Friday, December 9, 2011

Extra #1 - Things I Do When I First Install Ubuntu.

I've just reinstalled Ubuntu 10.10 64-bit in order to use all 8Gb of memory in my machine and my new 1Tb disk drive.

The main thing is to install KVM and then work with virtual machines, but there is some stuff that makes more sense in the base machine.  

  1. First thing I do is use the Ubuntu Software Manager to install "StartUp Manager".  I Use "StartUp Manager" to setup a boot configuration to with "Recovery Mode", so I still can still get into the system, if "Normal Mode" runs off into the weeds.
  2. The next step is to ensure that I'm getting optimum resolution on connected monitors.  With a dual-port ATI 4650 card, this has been nasty until recently but now it's far easier, although still quite a pain.The key thing was -- Don't install the FGLRX driver from AMD!   Don't try to use the Catalyst Control Center!
    • Follow the instructions here : .  When that page sends you here follow the instructions in the section "Need to purge -fglrx".
    • Install grandr & lxrandr.  They'll be useful for setting up multiple monitors and selecting their resolution.  Under the menu "System" you'll find grandr as "Multiple Screens" in the Administration sub-menu, and lxrandr as "Monitor Settings" in the "Preferences" sub-menu.
    • Change the file /etc/gdm/Init/Default  from this ... 


      /sbin/initctl -q emit login-session-start DISPLAY_MANAGER=gdm
      ... to this ... 


      xrandr --newmode "1920x1080_60.00" 173.00 1920 2048 2248 2576 1080 1083 1088 1120 -hsync +vsync
      xrandr --addmode DVI-0 1920x1080_60.00
      xrandr --output DVI-0 --mode 1920x1080_60.00

      /sbin/initctl -q emit login-session-start DISPLAY_MANAGER=gdm
      ... using appropriate values for your monitors, only if Ubuntu fails to recognize them. The command cvt will generate the correct text for you, like this:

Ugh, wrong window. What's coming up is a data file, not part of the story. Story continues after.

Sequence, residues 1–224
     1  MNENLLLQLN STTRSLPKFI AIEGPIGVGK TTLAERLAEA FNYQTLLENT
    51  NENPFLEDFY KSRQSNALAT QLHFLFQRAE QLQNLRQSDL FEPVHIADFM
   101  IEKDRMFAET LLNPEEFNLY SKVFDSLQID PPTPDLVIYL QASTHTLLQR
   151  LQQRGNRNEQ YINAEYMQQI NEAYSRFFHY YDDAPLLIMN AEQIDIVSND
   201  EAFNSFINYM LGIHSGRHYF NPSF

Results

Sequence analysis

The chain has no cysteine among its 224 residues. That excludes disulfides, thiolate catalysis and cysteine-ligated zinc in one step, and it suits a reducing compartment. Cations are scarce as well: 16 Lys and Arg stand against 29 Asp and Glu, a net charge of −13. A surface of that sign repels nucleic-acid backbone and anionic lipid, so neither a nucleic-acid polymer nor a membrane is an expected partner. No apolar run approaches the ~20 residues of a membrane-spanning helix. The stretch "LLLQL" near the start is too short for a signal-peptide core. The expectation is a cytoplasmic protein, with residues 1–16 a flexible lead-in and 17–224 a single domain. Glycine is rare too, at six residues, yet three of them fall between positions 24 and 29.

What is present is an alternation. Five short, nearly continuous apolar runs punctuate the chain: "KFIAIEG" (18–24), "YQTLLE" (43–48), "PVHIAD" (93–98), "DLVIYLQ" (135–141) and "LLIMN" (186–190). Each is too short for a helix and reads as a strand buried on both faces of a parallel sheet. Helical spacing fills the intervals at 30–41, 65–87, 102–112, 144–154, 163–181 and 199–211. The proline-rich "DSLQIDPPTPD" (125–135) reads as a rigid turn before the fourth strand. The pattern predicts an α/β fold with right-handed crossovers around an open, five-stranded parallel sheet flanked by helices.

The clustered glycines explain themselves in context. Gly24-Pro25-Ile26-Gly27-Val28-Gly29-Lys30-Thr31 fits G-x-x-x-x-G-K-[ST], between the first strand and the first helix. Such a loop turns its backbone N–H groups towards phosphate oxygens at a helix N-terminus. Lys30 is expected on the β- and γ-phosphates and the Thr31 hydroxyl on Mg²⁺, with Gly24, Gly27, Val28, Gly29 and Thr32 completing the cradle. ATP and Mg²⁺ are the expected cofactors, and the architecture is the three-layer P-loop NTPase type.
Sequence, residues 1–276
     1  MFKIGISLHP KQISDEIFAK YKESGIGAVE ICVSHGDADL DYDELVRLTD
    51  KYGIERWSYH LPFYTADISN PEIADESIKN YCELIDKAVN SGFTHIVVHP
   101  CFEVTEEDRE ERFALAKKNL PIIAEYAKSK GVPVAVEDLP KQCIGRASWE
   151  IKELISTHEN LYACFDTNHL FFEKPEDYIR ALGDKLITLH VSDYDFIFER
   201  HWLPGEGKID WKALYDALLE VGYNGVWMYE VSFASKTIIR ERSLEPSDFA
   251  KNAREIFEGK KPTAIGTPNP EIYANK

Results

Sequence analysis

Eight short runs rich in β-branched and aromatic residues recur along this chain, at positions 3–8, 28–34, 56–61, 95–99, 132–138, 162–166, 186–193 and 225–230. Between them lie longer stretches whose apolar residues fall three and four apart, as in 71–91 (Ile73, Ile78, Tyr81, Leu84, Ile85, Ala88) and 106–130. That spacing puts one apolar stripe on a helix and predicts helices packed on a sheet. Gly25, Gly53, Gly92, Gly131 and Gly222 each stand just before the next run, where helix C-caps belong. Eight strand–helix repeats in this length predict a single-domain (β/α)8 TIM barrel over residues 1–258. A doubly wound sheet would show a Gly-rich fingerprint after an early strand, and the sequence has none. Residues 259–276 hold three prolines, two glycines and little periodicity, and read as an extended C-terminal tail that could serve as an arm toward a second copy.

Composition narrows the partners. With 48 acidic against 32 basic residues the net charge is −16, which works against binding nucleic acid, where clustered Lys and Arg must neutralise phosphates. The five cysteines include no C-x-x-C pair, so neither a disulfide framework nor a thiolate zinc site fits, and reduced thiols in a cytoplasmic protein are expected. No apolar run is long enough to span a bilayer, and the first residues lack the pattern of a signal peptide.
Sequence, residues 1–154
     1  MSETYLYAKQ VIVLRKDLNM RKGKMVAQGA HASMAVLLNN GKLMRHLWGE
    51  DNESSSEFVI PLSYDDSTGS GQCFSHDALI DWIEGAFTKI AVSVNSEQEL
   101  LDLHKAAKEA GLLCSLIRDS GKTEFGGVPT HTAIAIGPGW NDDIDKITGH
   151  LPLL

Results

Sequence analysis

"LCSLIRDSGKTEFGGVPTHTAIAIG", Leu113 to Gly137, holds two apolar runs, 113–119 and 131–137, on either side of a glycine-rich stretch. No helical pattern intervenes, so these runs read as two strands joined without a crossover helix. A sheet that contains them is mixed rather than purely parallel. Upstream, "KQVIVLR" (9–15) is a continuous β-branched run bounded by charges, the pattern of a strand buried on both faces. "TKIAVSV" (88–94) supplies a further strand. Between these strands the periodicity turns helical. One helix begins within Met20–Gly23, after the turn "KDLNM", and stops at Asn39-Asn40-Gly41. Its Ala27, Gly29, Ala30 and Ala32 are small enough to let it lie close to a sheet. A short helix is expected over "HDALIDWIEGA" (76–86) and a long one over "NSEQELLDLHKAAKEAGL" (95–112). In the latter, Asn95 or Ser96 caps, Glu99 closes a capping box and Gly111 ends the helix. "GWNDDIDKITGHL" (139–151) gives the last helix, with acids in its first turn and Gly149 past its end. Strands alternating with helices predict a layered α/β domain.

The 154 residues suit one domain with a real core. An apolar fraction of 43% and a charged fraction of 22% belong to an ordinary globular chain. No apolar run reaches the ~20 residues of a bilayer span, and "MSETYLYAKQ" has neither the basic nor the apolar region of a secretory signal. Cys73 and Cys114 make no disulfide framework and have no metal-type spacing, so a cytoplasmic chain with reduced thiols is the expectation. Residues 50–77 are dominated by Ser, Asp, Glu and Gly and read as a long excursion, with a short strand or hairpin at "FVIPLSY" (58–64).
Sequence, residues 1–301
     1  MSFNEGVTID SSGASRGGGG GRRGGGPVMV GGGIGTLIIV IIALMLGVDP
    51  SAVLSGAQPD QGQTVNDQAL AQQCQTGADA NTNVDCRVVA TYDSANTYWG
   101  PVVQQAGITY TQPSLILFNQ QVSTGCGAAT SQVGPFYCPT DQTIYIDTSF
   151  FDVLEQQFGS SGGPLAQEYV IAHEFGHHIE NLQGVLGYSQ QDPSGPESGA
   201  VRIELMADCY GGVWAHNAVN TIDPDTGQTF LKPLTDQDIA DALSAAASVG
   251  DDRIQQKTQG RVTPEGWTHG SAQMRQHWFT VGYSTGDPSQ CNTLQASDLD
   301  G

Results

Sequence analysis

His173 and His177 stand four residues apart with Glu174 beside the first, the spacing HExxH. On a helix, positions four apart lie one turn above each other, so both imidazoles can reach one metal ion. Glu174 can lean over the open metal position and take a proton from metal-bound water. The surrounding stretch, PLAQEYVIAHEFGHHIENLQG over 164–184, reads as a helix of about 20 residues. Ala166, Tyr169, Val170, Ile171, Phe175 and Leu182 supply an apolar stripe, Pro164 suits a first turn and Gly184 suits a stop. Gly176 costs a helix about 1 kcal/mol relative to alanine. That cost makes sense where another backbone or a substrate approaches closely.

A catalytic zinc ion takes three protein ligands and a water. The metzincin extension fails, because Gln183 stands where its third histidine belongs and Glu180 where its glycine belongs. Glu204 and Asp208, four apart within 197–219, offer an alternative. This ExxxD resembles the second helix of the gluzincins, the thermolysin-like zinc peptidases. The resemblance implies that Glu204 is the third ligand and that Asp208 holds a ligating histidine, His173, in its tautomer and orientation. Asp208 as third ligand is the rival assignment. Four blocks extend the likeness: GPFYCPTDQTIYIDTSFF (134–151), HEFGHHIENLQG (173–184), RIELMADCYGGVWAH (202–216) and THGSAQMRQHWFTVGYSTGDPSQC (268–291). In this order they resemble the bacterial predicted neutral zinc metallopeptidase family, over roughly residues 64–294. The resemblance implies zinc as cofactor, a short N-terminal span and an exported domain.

~$ cvt 1680 1050 60
      # 1680x1050 59.95 Hz (CVT 1.76MA) hsync: 65.29 kHz; pclk: 146.25 MHz
      Modeline "1680x1050_60.00" 146.25 1680 1784 1960 2240 1050 1053 1059 1089 -hsync +vsync
  3. Edit /etc/apt/sources.list to enable the "partner" repos.  
  4. Run sudo apt-get install aptitude because some bloggers seem to prefer it to apt-get.
  5. Run the Update Manager to get all the good stuff that has happened since I cut the DVD.  I don't do this earlier in case the preceding steps make a mess and I need to reinstall.
  6. While that is going on, I prepare FireFox so that it helps me reconnect to services that I use, (like to this one).  AddOns:
    • Flash Aid - so I don't have to mess with figuring out which Flash plugin is best.
    • X-Marks - My bookmark memory.
    • Down Them All - a faster download tool.
    • FireBug - for examining web page details.

    I also do this in my basic virtual machine images, so as to be able to cut'n paste stuff to do with my work.  I also keep a virtual machine for no other purpose than Internet banking.

  7. Install Skype: You can do that from the "Ubuntu Software Center" at the bottom of the menu "Applications".
  8. Install exFAT capability for reading exFAT formatted Flash memory devices.  This allows reading of gigantic files  (with more than 4Gb).  You'll find a clear dependable guide here : The only defect in that is that step #5 doesn't happen.  To get the same information I use the command:
    fdisk -l
  9. Install KVM hypervisor.  For something so powerful, this is really easy.  Follow the instructions here :  .
  10. Install PostgreSQL.  This too is very easy. See here :
  11. This also installs pgAdmin III, the administrator console for PostgreSQL  I make a launch panel button for it using the executable in :
  12. Install Name Service Cache Daemon :
    sudo apt-get install nscd
  13. Install Sun Java.  First, add it to Synaptic with this ...
    sudo add-apt-repository ppa:sun-java-community-team/sun-java6 
  14. ... and this : sudo apt-get update, then install with this :
    sudo apt-get install sun-java6-jdk sun-java6-plugin
  15. Pick the Sun Java for current usage :
    sudo update-alternatives --config java
  16. Add a permanent JAVA_HOME variable to my bash profile :
    gedit ~/.profile
    > > export JAVA_HOME=/usr/lib/jvm/java-6-sun/
    > >
  17. Install Git elements :  sudo apt-get install git-core git-gui git-doc
  18. Create an SSH key pair : ssh-keygen -t rsa -C "--yourEmailId--@-- yourEmailProvider"
  19. Install Syntevo SmartGit. ${smartGitDir}/bin/
  20. ...
  21. (more coming)

Sunday, November 13, 2011

Lesson #3 - Chart of Accounts Becomes the General Ledger

Notice :  Please see this important update before trying to follow any of the steps described here.

This page should get you through defining your Fiscal Year and introducing opening entries in OpenERP, according to the examples provided in "Hour 3" of  TYAi24H.

To understand this section you'll need to:
  1. read "Hour 3" of TYAi24H.
  2. read the OpenERP book, section 8.5.1 Configuring Accounts, which you can find in the online documentation here...